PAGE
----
In the end, this amounted to a sizable sum of money I was misallocating every month. It was impulse buying. By tracking this, I saw what my habits were, and then how to change them to better align with our priorities.
While this is a great exercise for anyone to do in any area of life, it is also revealing, and thus difficult. Habits are hard change.
Or, you may find out that there simply isn’t much room to build an emergency fund right now, which leaves you in an even more vulnerable place in the event of a medical emergency.
Hurdle #2: Saving Money is a Long Process
In addition to personal qualities such as patience and discipline, saving also takes time – and lots of it. Often, saving even a modest sum of money takes more time that most advisors like to admit, and more time than you may have to properly protect your family.
Let’s break that concept down. Say you have an income of $6,000 per month. Now assume you have a “burn rate” of $5000 per month, representing all your basic living expenses including (but not limited to): Mortgage/rent, insurance, food, utilities, living amenities, retirement savings, etc.
In order to build an emergency of fund worth six months of living expenses, you’ll need to save $30,000.
[$5,000 of monthly expenses x 6 months = $30,000]
Now, let’s also assume you have done a detailed analysis on exactly what your spending habits are and you calculated there’s an extra $500 per month to “work with”. From there, you’ll take $100 of that extra and make it “play money,” and you’ll take the remaining $400 and dedicate it to building your emergency fund.
Let’s review the facts: You make $6,000 per month and have allocated $400 per month of those earnings to your emergency fund, and you need to save about $30,000 total.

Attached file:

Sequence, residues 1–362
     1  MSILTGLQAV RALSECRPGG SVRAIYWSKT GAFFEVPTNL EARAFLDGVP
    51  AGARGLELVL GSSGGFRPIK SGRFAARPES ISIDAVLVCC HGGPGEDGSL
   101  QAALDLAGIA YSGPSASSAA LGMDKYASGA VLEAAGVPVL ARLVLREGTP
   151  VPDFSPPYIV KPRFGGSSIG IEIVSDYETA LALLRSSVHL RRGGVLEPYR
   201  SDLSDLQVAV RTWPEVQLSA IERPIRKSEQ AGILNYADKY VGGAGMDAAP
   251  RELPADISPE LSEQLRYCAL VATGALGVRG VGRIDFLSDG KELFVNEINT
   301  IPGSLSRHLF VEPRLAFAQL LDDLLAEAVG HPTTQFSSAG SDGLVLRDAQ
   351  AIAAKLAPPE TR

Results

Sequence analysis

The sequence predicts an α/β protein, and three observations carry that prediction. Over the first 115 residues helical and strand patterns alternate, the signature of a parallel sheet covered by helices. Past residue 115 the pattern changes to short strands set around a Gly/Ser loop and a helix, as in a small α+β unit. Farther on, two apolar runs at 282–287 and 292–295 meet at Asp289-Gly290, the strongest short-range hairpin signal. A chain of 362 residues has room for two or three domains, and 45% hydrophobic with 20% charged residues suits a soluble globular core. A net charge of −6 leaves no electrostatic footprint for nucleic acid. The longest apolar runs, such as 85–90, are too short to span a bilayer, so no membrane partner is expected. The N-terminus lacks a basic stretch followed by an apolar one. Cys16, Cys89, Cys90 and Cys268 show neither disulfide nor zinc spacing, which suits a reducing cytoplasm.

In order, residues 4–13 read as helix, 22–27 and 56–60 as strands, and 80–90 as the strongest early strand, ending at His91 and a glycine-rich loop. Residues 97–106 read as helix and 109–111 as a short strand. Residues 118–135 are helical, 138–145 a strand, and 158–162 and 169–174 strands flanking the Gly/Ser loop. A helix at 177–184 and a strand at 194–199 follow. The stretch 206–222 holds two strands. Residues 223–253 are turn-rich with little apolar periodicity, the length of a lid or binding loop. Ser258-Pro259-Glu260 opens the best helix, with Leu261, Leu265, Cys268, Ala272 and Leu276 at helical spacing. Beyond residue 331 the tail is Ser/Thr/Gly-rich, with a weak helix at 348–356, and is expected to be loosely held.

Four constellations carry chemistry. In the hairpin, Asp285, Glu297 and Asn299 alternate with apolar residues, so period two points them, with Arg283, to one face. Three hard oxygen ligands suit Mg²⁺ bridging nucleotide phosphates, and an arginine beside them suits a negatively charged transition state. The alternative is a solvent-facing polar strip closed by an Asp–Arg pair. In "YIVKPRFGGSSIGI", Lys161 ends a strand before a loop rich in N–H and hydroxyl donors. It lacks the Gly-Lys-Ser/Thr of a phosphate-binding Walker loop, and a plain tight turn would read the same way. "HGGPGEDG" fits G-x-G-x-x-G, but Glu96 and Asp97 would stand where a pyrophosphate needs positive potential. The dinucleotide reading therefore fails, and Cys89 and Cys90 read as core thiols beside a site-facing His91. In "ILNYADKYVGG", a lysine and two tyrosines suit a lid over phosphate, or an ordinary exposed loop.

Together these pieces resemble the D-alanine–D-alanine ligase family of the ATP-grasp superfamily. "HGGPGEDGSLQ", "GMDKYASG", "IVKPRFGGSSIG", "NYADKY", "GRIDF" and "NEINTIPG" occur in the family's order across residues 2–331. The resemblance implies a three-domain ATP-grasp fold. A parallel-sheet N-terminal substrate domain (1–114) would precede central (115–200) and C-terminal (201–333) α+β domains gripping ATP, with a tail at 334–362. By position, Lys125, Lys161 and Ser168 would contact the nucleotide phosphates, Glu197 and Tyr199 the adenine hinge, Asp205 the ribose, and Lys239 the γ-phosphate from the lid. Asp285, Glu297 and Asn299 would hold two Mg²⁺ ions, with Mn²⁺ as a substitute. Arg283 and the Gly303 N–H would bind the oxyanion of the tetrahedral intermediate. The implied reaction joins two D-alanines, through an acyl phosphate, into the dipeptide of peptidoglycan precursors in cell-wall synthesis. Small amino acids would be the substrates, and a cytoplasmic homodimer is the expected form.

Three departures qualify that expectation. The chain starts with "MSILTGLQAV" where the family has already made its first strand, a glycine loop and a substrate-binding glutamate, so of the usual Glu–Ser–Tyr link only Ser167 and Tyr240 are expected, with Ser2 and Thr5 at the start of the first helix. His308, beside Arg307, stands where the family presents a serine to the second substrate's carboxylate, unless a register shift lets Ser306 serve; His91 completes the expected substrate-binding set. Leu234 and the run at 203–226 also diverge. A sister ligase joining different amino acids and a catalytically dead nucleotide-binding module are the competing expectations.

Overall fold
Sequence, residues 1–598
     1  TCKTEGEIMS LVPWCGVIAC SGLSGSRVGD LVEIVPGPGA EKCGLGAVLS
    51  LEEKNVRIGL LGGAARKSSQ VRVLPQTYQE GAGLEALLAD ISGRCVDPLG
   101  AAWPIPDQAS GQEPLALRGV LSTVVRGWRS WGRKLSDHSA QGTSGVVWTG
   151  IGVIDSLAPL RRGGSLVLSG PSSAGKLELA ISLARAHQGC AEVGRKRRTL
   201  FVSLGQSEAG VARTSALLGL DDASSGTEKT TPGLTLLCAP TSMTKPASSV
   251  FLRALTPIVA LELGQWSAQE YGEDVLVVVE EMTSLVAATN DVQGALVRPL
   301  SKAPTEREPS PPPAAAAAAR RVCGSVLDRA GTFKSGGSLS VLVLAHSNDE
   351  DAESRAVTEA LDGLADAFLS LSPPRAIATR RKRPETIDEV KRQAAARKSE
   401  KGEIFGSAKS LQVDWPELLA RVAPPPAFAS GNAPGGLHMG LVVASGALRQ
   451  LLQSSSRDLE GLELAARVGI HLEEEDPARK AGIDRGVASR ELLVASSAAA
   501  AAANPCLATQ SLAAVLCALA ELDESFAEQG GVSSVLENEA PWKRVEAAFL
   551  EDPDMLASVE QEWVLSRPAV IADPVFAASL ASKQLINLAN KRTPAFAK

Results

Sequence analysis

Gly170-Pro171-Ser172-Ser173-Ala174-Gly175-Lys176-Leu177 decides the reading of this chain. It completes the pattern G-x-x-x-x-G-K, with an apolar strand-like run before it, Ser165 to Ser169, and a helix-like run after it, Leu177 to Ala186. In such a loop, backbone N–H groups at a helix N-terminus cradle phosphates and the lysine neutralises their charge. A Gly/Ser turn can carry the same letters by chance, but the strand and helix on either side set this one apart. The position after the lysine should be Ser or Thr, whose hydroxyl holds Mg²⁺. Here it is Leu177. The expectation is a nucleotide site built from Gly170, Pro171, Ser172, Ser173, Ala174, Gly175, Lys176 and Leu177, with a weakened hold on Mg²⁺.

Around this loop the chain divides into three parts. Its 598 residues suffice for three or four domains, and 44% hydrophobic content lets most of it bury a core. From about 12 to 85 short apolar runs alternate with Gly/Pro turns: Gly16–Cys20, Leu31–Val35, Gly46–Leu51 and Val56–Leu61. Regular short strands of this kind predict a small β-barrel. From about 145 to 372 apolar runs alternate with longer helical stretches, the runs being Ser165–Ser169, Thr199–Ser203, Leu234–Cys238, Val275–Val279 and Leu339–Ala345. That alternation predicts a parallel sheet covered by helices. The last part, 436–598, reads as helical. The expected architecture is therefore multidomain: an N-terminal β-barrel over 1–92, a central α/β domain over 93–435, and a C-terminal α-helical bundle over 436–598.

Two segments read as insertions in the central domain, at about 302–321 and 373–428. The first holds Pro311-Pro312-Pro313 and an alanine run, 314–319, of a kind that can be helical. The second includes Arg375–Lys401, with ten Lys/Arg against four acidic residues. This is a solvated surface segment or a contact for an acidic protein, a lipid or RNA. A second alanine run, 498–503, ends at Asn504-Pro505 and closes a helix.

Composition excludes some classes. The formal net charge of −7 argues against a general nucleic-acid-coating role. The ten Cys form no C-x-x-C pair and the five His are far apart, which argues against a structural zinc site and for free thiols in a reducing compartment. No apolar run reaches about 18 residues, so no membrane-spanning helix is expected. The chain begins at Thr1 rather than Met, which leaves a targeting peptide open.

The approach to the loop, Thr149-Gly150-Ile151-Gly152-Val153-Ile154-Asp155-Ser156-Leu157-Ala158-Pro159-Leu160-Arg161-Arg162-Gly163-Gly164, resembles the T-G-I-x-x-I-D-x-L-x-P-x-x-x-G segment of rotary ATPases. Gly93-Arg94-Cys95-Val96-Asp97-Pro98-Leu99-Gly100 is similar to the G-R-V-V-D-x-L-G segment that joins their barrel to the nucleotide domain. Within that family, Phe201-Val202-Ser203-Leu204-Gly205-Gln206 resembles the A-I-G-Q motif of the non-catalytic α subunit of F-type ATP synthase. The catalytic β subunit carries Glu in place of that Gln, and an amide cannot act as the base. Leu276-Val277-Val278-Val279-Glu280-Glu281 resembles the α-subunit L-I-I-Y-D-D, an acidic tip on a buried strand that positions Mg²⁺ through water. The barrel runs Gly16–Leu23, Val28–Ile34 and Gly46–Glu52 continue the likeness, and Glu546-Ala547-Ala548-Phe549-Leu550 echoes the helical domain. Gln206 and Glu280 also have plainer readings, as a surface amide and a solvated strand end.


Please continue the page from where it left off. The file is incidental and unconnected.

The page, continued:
So how long will it take you save up your emergency fund? Starting from scratch, assuming no interest earned, it would take you… six years and three months!
[$30,000 emergency fund / $400 per month savings = 75 months / 12 month per year = 6.25 years]
Yikes! Six years is a long time, and in the interim your family is not fully protected.
Hurdle #3: Shooting A Beebee At A Freight Train
Here’s the last problem, and perhaps the most important: despite the fact that it could take the average person over six years to build a modest savings account, a medical emergency can wipe it out almost instantly.
In my case, it only took nine days.
The biggest mistake people make is they assume an emergency won’t cost more than what they need to cover their basic living expenses. This couldn’t be more wrong; I lived it.
Bottom line, if you have the misfortune of experiencing a significant medical event — such as an accident or a cancer diagnosis — you should expect your expenses to possibly increase by up to $20,000 per month, on top of your current living expenses.
Jump All Three Hurdles At Once
While emergency funds are important to have there’s a better way to protect you and your family from the effects of a major medical event.
What you need is leverage. Not the risky kind of Wall Street leverage you hear about on the news, but the kind of leverage you get with the right type of insurance policy, and without the painstaking and/or time-consuming saving process.